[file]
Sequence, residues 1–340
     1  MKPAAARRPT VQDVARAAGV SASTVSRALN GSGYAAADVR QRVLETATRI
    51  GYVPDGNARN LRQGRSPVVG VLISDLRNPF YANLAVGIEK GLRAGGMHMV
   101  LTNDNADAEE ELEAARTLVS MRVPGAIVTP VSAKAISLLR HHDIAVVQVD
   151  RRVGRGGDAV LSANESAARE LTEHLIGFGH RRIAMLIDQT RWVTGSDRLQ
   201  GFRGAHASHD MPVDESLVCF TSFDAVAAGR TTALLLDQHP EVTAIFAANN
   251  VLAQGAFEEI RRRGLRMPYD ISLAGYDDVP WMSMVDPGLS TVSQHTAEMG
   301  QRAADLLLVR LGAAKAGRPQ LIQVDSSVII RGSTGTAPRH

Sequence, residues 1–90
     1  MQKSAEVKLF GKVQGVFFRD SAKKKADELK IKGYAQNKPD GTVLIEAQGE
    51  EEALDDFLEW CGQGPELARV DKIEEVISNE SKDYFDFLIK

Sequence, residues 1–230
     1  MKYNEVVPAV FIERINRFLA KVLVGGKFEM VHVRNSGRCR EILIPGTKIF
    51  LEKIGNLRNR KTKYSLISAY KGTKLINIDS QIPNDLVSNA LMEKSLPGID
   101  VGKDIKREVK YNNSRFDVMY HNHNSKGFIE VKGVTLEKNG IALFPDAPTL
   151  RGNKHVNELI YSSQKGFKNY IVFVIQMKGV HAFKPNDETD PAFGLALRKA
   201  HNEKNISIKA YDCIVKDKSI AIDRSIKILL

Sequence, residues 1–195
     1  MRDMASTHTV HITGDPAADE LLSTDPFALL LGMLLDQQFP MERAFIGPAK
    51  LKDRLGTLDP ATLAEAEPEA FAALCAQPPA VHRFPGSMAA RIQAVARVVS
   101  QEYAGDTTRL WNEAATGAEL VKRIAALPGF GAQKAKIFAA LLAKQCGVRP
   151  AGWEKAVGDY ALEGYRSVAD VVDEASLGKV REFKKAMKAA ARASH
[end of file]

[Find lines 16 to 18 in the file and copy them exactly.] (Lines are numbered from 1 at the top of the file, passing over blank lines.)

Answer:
   151  RGNKHVNELI YSSQKGFKNY IVFVIQMKGV HAFKPNDETD PAFGLALRKA
   201  HNEKNISIKA YDCIVKDKSI AIDRSIKILL

Sequence, residues 1–195